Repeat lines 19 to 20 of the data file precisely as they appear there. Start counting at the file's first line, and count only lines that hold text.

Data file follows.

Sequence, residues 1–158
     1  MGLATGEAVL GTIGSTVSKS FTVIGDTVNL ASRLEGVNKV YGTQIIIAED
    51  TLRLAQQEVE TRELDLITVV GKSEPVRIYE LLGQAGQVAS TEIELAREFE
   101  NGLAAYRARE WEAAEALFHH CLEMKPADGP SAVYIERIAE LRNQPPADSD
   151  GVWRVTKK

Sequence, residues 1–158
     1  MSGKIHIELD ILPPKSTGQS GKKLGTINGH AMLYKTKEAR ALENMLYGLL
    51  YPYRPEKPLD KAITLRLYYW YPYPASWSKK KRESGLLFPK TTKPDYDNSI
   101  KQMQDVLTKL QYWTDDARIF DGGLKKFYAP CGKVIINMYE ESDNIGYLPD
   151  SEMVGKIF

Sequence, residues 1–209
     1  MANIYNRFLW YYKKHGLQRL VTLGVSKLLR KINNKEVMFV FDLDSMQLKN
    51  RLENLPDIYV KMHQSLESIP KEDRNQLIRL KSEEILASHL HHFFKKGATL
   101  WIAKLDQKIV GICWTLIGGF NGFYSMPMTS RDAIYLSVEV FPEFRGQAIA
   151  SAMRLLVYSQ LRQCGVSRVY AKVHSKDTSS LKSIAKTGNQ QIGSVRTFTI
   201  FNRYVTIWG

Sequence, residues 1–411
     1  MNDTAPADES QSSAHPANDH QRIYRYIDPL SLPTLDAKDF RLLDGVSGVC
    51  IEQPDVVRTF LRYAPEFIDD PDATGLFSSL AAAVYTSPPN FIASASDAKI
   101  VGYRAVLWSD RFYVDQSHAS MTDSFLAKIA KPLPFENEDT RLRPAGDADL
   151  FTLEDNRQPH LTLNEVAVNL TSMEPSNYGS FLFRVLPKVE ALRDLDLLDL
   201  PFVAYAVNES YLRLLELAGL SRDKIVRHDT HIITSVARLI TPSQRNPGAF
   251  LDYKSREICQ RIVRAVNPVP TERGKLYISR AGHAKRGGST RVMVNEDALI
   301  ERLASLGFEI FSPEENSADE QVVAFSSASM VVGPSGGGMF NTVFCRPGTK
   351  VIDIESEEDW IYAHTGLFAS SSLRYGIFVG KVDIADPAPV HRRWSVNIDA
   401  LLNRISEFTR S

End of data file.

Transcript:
    51  IEQPDVVRTF LRYAPEFIDD PDATGLFSSL AAAVYTSPPN FIASASDAKI
   101  VGYRAVLWSD RFYVDQSHAS MTDSFLAKIA KPLPFENEDT RLRPAGDADL